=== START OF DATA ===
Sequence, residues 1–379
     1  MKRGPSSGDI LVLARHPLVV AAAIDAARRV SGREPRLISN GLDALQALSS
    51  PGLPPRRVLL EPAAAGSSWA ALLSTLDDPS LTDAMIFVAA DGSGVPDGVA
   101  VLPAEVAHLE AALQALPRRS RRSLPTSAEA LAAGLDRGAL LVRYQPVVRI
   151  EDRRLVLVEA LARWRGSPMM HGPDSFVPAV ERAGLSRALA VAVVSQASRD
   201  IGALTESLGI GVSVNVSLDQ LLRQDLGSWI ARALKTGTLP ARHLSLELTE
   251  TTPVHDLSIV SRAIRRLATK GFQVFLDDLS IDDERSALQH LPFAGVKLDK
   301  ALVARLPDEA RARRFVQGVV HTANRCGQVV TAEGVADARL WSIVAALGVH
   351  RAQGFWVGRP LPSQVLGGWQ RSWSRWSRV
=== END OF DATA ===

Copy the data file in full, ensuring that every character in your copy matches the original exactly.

Sequence, residues 1–379
     1  MKRGPSSGDI LVLARHPLVV AAAIDAARRV SGREPRLISN GLDALQALSS
    51  PGLPPRRVLL EPAAAGSSWA ALLSTLDDPS LTDAMIFVAA DGSGVPDGVA
   101  VLPAEVAHLE AALQALPRRS RRSLPTSAEA LAAGLDRGAL LVRYQPVVRI
   151  EDRRLVLVEA LARWRGSPMM HGPDSFVPAV ERAGLSRALA VAVVSQASRD
   201  IGALTESLGI GVSVNVSLDQ LLRQDLGSWI ARALKTGTLP ARHLSLELTE
   251  TTPVHDLSIV SRAIRRLATK GFQVFLDDLS IDDERSALQH LPFAGVKLDK
   301  ALVARLPDEA RARRFVQGVV HTANRCGQVV TAEGVADARL WSIVAALGVH
   351  RAQGFWVGRP LPSQVLGGWQ RSWSRWSRV